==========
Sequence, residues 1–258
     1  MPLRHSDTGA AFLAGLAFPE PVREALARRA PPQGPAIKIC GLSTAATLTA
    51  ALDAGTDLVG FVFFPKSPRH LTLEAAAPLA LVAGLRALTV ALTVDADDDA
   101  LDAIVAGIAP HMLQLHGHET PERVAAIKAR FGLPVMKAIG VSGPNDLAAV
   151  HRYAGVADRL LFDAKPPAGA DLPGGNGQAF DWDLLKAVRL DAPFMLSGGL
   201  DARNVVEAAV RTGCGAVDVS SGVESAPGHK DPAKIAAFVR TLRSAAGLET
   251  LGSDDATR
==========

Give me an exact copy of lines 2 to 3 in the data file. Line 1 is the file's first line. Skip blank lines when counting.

     1  MPLRHSDTGA AFLAGLAFPE PVREALARRA PPQGPAIKIC GLSTAATLTA
    51  ALDAGTDLVG FVFFPKSPRH LTLEAAAPLA LVAGLRALTV ALTVDADDDA